It’s 5 o’clock, and you’re leaving the office in search of some post-work libations and snacks before dinner. You could go the traditional happy hour route — where you’re limited to a few drinks and small bites within a short window of time — or you could up the ante and visit a Japanese izakaya.
Tag: book review
Abraham Lincoln is known as one of America’s greatest presidents. Turns out, he was also a cook who used to join his wife in the kitchen after work. In her new culinary biography of Lincoln, a food historian walks us through his life with stories — and recipes — of what he ate, cooked and served.
Megan Gordon gives her review of the new The Beekman 1802 Heirloom Cookbook along with their incredible recipe for Sweet Potato Pie.
Megan Gordon reviews Kim Boyce’s incredible cookbook, Good to the Grain. Boyce will be at Omnivore Books tonight (Monday 5/24/10) where you can hear straight from the source how baking with whole grains is not just a way to substitute ingredients to create a healthier recipe, but rather, is a new and exciting way of experimenting with baking to create rustic, delicious, and truly original desserts. An inspiring and exciting new book.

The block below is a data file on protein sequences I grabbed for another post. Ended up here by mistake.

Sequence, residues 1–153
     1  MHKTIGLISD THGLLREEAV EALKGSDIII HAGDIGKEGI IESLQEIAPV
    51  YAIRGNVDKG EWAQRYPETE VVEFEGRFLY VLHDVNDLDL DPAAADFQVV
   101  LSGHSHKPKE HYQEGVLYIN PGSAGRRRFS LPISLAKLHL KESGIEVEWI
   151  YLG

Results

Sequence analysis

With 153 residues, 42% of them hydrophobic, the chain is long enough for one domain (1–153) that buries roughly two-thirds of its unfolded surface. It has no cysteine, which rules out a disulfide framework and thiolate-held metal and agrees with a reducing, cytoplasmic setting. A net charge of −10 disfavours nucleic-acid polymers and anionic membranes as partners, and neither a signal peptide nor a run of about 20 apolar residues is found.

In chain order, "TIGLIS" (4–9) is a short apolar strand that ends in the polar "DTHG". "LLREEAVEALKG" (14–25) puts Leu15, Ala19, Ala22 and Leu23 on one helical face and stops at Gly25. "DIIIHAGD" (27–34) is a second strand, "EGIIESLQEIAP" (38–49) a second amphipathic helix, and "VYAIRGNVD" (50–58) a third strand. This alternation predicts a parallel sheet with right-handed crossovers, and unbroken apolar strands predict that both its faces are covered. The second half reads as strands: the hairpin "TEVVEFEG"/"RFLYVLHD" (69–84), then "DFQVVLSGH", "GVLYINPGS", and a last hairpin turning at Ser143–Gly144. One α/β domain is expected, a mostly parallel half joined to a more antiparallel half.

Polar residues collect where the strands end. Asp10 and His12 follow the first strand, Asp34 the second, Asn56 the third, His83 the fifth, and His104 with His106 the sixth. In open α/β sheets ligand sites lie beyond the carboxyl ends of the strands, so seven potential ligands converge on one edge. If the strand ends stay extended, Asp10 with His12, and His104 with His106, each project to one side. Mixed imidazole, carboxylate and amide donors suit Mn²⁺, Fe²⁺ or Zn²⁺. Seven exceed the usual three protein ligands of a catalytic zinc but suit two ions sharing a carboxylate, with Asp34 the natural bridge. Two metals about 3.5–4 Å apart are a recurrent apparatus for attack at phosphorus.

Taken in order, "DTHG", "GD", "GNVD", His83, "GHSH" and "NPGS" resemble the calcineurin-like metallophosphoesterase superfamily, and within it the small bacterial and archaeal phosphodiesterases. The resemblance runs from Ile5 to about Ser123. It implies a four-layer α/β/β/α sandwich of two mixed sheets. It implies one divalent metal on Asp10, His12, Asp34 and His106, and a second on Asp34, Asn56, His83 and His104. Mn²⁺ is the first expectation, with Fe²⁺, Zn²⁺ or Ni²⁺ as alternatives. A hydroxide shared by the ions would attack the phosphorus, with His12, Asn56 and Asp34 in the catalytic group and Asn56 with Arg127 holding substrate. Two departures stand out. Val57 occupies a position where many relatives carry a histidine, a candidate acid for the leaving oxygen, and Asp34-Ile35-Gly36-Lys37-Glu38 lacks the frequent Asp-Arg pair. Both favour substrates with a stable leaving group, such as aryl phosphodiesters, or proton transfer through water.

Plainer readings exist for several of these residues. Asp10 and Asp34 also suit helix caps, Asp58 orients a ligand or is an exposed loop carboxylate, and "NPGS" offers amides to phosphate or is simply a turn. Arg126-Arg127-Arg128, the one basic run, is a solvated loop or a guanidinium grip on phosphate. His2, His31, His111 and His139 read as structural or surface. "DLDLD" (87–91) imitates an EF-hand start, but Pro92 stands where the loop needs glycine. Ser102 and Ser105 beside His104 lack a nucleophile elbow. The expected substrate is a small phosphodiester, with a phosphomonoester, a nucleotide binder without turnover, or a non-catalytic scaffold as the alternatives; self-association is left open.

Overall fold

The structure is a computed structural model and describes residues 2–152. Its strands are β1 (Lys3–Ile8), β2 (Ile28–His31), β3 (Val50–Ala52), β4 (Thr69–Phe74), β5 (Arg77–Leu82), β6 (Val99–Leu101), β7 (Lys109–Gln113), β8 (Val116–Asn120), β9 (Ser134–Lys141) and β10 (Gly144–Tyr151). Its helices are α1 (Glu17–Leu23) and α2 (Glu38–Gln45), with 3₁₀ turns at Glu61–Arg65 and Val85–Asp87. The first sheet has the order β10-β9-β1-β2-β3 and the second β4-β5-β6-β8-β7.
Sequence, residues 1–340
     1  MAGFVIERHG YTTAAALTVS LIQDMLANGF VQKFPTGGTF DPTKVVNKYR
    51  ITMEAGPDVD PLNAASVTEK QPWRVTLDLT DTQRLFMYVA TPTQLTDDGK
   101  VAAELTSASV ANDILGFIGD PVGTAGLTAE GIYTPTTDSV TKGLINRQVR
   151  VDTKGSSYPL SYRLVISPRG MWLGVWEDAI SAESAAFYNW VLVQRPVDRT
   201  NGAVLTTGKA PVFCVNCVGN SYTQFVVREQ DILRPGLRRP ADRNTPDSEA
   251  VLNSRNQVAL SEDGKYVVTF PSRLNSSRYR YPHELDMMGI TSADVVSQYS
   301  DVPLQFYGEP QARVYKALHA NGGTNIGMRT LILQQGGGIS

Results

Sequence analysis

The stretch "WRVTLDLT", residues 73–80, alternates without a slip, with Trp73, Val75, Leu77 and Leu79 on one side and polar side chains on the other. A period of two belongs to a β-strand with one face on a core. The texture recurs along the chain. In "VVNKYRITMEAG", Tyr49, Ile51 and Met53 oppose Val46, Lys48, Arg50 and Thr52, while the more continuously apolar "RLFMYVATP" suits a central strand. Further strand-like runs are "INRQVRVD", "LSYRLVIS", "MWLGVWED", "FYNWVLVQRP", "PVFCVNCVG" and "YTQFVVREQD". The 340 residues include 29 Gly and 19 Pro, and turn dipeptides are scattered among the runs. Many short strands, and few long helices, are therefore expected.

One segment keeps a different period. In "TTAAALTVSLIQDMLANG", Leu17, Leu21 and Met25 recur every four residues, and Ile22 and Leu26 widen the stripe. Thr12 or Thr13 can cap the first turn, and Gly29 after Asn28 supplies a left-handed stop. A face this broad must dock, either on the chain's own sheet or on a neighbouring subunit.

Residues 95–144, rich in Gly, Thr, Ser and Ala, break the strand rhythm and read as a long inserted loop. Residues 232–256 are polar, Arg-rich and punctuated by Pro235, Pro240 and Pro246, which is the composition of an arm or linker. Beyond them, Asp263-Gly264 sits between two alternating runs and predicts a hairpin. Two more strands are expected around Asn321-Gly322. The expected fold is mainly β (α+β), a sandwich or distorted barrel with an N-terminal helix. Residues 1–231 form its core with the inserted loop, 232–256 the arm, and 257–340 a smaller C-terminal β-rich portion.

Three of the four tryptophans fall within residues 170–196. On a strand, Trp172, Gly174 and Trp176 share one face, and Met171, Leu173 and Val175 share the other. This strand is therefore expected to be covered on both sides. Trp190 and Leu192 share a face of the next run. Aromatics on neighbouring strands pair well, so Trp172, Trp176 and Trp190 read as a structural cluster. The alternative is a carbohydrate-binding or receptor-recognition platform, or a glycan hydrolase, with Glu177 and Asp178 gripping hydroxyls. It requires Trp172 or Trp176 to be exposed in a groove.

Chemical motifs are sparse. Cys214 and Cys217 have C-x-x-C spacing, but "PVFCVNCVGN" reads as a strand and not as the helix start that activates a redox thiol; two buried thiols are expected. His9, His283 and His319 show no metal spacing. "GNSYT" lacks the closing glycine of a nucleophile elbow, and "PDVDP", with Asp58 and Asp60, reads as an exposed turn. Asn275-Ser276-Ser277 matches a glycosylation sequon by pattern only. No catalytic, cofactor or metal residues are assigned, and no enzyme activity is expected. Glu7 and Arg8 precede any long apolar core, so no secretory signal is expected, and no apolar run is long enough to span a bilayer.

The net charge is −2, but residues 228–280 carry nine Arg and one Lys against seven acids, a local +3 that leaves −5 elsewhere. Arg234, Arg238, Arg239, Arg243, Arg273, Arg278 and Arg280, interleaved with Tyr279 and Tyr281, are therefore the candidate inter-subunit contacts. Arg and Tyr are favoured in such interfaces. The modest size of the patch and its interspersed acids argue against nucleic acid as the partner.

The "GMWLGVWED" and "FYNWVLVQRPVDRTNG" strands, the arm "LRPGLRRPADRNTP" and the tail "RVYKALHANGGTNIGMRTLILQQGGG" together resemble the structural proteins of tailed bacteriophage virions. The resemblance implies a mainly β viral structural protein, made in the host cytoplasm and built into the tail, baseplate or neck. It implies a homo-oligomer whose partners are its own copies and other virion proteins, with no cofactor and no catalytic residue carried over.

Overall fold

After many years of cooking for two, Megan Gordon finds herself in the kitchen alone. After sulking for a few months, she’s decided to crawl out from the bagged salads and Trader Joe’s taquitos to explore recipes, advice, and literary essays on cooking and eating for one.
If the way to a man’s heart is truly through his stomach, Giulia Melucci has tried every trick in the book.
Or, at least in her book, I Loved, I Lost, I Made Spaghetti. As the title might imply, she’s still looking for the right stomach.
In her memoir of loves won and lost, Melucci takes us on a culinary tour of her love life– from the loss of her virginity to the near regaining of it, with several interesting but ultimately wrong-for-her men showing up in between– the notable ones being given their own chapters, as they were, in fact, chapters in the author’s own life.
There are myriad guidebooks to Paris: Pudlow, Michelin, and Lonely Planet, to name a few and all of them worth the money. They tell you where eat, where to stay, and what to see.
And then, of course, there are guidebooks to Paris– those that tell you all of the above plus a little bit more, like how to navigate unfamiliar social customs, how to blend in with the landscape– in short, how not appear as though one has arrived from Central Casting to play the Ugly American. The Sweet Life in Paris by David Lebovitz is that and a bit more.
It has recipes. Lots and lots of recipes.